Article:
Julian Assange

sábado, 4 de dezembro de 2010


Reference ID Created Released Classification Origin
05PARIS1306 2005-03-01 17:05 2010-11-30 21:09 CONFIDENTIAL Embassy Paris

This record is a partial extract of the original cable. The full text
of the original cable is not available.

C O N F I D E N T I A L PARIS 001306 


EO 12958 DECL: 02/28/2015 

Classified By: Ambassador Howard Leach, for reasons 1.5 (b) and (d)

1. (C) Summary: In a remarkable initiative, the new head of international
relations of the governing UMP party, former Foreign Minister Herve de
Charette called on Ambassador Leach March 1 offering a hand of friendship
and cooperation. Charette applauded the positive results of U.S. policies
across the Middle East -- on Israel/Palestine, Iraq and Lebanon -- 
and even assigned blame for the “embarrassing” downturn in relations over
Iraq to President Chirac. Charette said the UMP would like to establish
links with both major U.S. political parties, and connect with official 
U.S. visitors to Paris, as appropriate. Charette’s gesture, unprecedented 
in our memory, reportedly came at the behest of UMP President Sarkozy.
The views he expressed are, just as clearly, those of the politician 
currently best placed to end Chirac’s tenure as President. End Summary

2. (C) Former Foreign Minister Herve de Charette called on Ambassador
Leach March 1 in his capacity as head of international relations of the
governing UMP party. (Note: UMP President Nicolas Sarkozy recently named
Charette to this position. De Charette is also vice-president of the
Foreign Affairs Committee of the National Assembly. He served as Foreign
Minister from 1995 to 1997 under Prime Minister Alain Juppe.) Charette,
referring to recent events in the Middle East -- Iraq, Israel/Palestine,
Lebanon, Egypt -- observed that U.S. policies have prospered. The UMP 
applauds these positive results. He and the UMP also agree with the USG 
thesis that “the Middle East is immobile politically because it is immobile
economically.” He cited Secretary Rice’s view -- which he shares -- that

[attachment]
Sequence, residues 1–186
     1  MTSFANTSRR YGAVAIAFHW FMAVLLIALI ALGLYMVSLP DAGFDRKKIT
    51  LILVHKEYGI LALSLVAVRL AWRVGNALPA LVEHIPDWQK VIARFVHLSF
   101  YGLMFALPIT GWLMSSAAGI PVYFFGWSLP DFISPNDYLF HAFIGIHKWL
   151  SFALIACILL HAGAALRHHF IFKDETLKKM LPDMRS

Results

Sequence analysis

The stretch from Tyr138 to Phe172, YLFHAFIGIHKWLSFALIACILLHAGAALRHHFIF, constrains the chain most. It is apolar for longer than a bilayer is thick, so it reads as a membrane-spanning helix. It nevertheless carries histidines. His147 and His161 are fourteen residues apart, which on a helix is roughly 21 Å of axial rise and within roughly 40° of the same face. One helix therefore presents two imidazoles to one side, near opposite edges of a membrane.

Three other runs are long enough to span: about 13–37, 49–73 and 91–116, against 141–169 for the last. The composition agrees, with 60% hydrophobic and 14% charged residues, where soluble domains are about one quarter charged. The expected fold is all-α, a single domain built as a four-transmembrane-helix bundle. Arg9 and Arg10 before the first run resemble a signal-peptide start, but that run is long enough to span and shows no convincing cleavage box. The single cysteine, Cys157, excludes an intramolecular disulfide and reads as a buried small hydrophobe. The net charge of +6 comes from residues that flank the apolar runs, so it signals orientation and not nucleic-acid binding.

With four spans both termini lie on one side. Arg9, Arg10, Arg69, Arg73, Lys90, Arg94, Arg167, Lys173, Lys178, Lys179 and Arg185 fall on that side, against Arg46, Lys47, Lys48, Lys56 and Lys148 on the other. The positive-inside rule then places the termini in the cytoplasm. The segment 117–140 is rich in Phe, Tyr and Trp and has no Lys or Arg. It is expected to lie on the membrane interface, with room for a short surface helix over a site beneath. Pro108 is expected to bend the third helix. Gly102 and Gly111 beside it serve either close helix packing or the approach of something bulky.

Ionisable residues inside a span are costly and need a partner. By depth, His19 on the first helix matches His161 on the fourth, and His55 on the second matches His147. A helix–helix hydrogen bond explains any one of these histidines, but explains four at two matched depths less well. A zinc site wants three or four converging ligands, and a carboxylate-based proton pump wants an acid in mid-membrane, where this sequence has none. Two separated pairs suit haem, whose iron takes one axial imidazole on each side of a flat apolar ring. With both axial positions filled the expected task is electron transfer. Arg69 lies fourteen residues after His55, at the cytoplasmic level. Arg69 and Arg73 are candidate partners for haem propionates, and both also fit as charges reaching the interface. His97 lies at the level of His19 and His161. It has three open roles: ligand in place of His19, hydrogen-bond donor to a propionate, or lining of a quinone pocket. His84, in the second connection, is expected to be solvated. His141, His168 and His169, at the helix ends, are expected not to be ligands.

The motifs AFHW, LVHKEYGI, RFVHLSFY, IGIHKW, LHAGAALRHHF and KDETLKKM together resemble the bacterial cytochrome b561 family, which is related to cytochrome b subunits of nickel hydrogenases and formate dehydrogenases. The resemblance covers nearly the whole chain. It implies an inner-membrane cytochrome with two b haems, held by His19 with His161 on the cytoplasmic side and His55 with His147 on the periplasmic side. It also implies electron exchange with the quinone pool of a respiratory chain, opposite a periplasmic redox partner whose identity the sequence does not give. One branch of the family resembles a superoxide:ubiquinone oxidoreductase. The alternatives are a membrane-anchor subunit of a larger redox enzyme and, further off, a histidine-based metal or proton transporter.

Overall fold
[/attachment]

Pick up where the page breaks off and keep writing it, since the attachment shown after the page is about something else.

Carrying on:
it is necessary to work with the world as it is, but we need not accept 
that it must remain as it is. (This is a view, he added, that comes more
naturally to a great power; smaller countries generally must accept the
hand they have been dealt.) Charette said that this commonality of views
had led the UMP to the conclusion that it should “organize a useful 
relationship with the U.S.” Charette spoke specifically of reaching out
to U.S. political parties -- to its natural partner the Republican Party,
but also to the Democrats. In addition to contacts with parties, the UMP
would be interested in meeting official visitors to Paris, as deemed 
appropriate by the Ambassador.

3. (C) Commenting further on the current scene, Charette posited that
“the relationship with the U.S. is the basis of French foreign relations.
” The last two or three years have been “embarrassing.” Charette pointed 
the finger of blame in one direction: “The President of the Republic went
down a route that didn’t make things any easier.” (Note: In February 2003,
Charette was one of only a handful of French parliamentarians to warn
against a French veto of a new UNSC resolution.) The UMP welcomes the
positive turn of recent weeks, said Charette. He put particular stress
on recent progress on Palestinian-Israeli relations, returning several
times to a refrain, commonly heard here, that this is the key issue for
European-U.S. relations. France, he said, needs to adjust its approach
so that it does not always “fall on the same (i.e. Palestinian) side of
the road.” The U.S., which tends to fall on the other side, has been 
right to reproach the Palestinians for never being able to control their
terrorist movements. The second intifada was disastrous -- for the 
Palestinians, for the peace camp in Israel, and because it encouraged the
establishment of more settlements. The new Palestinian leadership will 
not be able to escape the need to settle matters with the terrorists. The
Israelis, for their part, cannot hope to keep 250,000 of their own in the
Palestinian territories. The situation is extremely complex, said Charette,
requiring all the energy of the U.S. and Europe. He said he remains 
extremely anxious about the situation, and skeptical. It is not at all
clear that the conditions for peace are at hand -- bearing in mind the
downward spiral that occurred after promising beginnings in the 1990s.

4. (C) Ambassador Leach took the opportunity to ask Charette his views
regarding Turkey and the EU, given his chairmanship of the Franco-Turkish
Friendship Group in the National Assembly. Charette said that the French 
people have a “deep and strong conviction against Turkish entry. It is a 
feeling that will not disappear over time.” (Note: This view, in contrast
to that of President Chirac, reflects the opposition of UMP President 
Sarkozy and the majority of the UMP membership.)

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